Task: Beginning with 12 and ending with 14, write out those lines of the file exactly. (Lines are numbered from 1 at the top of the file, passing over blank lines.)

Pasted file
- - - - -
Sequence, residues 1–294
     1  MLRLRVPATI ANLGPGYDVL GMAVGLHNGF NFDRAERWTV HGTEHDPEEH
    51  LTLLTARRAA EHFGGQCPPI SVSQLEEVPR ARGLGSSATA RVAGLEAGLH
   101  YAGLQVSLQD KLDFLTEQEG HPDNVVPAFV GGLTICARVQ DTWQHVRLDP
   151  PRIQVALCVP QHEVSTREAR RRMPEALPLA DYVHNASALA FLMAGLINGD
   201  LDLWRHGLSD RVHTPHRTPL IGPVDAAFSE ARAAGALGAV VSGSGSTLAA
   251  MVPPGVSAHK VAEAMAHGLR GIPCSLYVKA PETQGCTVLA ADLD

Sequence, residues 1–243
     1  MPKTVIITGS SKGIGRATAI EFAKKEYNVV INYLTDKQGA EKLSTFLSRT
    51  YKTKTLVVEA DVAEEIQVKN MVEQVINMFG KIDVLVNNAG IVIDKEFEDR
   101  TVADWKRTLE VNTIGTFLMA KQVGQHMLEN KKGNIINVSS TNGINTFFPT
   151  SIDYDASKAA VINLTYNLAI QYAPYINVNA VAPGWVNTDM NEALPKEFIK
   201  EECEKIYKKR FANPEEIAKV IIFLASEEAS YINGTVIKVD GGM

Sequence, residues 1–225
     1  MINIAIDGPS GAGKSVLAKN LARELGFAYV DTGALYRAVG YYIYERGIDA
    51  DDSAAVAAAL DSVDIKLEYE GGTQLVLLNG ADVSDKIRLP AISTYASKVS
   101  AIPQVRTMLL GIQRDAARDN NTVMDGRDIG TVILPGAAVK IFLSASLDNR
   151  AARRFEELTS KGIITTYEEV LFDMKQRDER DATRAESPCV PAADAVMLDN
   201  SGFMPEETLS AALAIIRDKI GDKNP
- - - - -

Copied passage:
   151  SIDYDASKAA VINLTYNLAI QYAPYINVNA VAPGWVNTDM NEALPKEFIK
   201  EECEKIYKKR FANPEEIAKV IIFLASEEAS YINGTVIKVD GGM

Sequence, residues 1–225